Chronic diseases such as diabetes and heart diseases can cause hearing loss. The Department of Otolaryngology (Ear, Nose & Throat) at Singapore General Hospital (SGH) explains how they are linked.
Controlling chronic diseases can maintain good hearing
To maintain good hearing, it may be important to keep your heart healthy and keep chronic diseases such as diabetes and high blood pressure under control.
Hearing loss is 54 per cent more likely in people with heart disease than in those without cardiovascular disease. Even high cholesterol can impact your hearing.
Similarly, a study by the US National Institutes of Health (NIH) found that hearing loss is about twice as common in people with diabetes compared to those who do not have the disease.
“Your hearing acuity can be affected by a large number of factors. As hearing loss is often irreversible, you have an extra reason to take steps to prevent or control your chronic conditions such as diabetes,” says
Dr Barrie Tan, Head of the
Department of Otolaryngology (Ear, Nose & Throat) and Director of the
Centre for Hearing and Ear Implants,
Singapore General Hospital (SGH), a member of the
How does hearing loss occur?
In a healthy ear, the eardrum vibrates as soon as it comes into contact with sound waves. These vibrations are transmitted to the inner ear where they activate the tiny hair cells and auditory nerve endings in the inner ear to send electrical messages to the brain which are recognized as sounds.
“However, when these delicate hair cells or auditory nerve endings are damaged, hearing loss can result,” says Dr Tan.
Signs of sensorineural hearing loss
- Difficulty hearing high-frequency (or high-pitched) sounds clearly
- Difficulty hearing speech in noisy places
- Hearing muffled voices
- Tinnitus (ringing sound in the ears)
Diabetes-induced hearing loss
Diabetes, a condition marked by high blood glucose levels, can damage the inner ear’s auditory nerve endings or hair cells, affecting their ability to transmit messages to the brain. With the failure to transmit electrical impulses to the brain, the brain is unable to interpret the sound waves as sound, resulting in hearing loss.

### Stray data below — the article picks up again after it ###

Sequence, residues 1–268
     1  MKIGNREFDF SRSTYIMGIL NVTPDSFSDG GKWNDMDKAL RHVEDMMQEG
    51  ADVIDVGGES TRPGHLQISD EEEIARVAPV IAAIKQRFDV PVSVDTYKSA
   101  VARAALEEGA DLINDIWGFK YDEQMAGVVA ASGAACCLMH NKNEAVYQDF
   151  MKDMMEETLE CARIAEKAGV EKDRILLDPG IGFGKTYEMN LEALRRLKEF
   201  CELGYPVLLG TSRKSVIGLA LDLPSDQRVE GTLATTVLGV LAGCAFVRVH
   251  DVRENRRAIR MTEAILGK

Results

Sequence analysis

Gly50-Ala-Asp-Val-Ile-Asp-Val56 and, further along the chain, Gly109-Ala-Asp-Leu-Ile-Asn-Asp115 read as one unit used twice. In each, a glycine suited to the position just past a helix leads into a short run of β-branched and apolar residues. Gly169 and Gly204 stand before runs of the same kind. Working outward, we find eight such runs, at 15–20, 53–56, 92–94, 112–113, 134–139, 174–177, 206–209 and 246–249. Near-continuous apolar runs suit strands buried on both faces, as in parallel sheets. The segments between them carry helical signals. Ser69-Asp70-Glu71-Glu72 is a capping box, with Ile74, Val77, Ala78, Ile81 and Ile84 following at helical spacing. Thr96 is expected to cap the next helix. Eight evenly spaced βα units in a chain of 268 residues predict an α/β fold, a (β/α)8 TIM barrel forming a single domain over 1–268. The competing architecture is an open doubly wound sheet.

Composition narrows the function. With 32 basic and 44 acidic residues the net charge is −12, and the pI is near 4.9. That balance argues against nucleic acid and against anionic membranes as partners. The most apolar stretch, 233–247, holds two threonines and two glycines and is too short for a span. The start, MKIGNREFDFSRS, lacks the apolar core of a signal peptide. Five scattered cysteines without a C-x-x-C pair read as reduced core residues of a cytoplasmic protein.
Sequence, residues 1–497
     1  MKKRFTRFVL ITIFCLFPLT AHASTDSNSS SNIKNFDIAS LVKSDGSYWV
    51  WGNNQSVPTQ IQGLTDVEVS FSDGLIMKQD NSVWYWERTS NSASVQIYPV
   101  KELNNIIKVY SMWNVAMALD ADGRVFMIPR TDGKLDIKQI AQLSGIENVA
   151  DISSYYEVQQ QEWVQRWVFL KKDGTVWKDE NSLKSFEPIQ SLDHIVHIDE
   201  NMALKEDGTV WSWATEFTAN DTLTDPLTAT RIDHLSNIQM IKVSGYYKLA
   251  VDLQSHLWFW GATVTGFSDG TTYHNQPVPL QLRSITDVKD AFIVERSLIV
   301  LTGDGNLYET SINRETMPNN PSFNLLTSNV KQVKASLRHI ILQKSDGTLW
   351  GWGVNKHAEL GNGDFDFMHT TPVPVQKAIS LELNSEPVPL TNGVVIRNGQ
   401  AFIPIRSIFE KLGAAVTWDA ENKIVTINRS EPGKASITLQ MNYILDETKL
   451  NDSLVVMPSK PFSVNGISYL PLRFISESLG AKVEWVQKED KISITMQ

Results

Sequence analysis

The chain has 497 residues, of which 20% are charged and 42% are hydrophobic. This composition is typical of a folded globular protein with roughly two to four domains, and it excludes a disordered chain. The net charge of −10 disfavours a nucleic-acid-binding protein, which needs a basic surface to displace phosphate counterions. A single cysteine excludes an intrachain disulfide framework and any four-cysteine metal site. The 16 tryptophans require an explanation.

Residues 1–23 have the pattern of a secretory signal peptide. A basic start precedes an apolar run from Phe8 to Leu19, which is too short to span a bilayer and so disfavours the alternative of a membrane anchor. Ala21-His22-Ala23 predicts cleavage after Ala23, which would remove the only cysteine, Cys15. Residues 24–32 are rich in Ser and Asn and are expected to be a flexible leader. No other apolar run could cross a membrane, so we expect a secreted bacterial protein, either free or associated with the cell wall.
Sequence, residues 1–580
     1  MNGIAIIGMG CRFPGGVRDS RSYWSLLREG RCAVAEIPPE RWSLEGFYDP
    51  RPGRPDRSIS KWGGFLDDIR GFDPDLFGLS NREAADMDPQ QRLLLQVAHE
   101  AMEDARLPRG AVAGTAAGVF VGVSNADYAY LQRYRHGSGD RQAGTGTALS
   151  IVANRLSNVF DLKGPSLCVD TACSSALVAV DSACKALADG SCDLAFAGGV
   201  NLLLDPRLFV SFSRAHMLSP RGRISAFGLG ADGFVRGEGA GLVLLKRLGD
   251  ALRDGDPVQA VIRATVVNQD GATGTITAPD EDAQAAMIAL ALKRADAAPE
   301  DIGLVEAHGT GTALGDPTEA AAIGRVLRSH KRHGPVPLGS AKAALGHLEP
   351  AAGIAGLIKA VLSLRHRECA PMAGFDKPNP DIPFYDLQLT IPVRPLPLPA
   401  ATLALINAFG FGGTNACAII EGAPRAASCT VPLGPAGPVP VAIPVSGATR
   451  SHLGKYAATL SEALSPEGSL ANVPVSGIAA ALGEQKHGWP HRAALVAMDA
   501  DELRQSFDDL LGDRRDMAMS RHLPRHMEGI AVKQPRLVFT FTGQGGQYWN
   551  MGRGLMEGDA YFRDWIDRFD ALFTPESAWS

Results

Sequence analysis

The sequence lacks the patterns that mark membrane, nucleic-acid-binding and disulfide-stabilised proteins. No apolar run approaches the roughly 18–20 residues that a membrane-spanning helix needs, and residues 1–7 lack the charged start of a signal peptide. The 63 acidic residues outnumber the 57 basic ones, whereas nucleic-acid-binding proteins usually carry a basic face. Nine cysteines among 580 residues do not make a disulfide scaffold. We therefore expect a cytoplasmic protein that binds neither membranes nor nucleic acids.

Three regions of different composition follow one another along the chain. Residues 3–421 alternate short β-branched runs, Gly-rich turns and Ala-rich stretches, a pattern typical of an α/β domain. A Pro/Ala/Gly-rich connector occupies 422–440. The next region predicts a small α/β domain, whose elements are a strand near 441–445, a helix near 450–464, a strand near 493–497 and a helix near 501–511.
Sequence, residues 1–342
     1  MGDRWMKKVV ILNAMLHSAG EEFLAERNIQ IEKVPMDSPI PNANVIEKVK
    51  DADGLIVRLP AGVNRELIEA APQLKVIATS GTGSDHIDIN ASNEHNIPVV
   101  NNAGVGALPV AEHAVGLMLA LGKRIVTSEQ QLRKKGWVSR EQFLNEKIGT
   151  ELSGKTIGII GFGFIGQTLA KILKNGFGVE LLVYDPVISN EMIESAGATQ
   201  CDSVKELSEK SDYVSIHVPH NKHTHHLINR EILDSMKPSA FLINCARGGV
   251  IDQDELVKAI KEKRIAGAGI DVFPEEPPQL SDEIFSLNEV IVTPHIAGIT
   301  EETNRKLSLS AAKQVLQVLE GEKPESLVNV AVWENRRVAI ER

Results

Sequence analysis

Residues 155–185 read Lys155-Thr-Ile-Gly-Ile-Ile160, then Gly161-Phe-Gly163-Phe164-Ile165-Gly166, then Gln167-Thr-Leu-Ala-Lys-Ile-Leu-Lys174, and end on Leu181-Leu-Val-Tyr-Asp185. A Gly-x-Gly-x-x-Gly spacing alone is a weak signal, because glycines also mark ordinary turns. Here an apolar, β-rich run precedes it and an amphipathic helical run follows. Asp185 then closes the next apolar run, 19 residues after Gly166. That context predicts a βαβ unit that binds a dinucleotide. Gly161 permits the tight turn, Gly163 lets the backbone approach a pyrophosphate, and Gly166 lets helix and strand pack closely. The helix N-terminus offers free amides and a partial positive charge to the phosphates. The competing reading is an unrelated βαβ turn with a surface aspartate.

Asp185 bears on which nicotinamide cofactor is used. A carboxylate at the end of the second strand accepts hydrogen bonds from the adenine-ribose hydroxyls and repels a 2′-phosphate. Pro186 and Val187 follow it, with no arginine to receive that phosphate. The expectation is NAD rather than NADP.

Hearing loss caused by high blood pressure
High blood pressure causes the heart to work extra hard to pump blood to the various organs in the body. Inadequate blood flow to the small blood vessels in the inner ear may cause hearing to deteriorate. Alternatively, hypertension may be related to artherosclerotic disease where there is a thickening of the wall lining of the blood vessels, and this may lead to poorer blood supply of the inner ear.
Heart disease linked to impaired hearing
A healthy heart plays a role in keeping hearing intact. When the heart is not functioning well, blood supply to the rest of the organs in the body will also be compromised. When the blood supply to the inner ear is affected, it can lead to hearing loss.
According to a 2010 American Journal of Audiology report, impaired cardiovascular health can affect both the peripheral (outer, middle and inner ear) and central auditory systems, particularly, among older people.
Treatment of hearing loss
Treatment of hearing loss will depend on the underlying causes.
Your doctor will conduct an ear, nose and throat examination, followed by a hearing test (audiogram) to assess the severity of hearing loss. Recommended solutions can then include medications, hearing aids (to amplify sound), surgery or cochlear implants (to stimulate the inner ear’s auditory nerves).
“Don’t let untreated hearing loss diminish your quality of life. If you have a chronic disease, your hearing may become diminished and you should seek treatment early to stay active and independent,” says Dr Tan.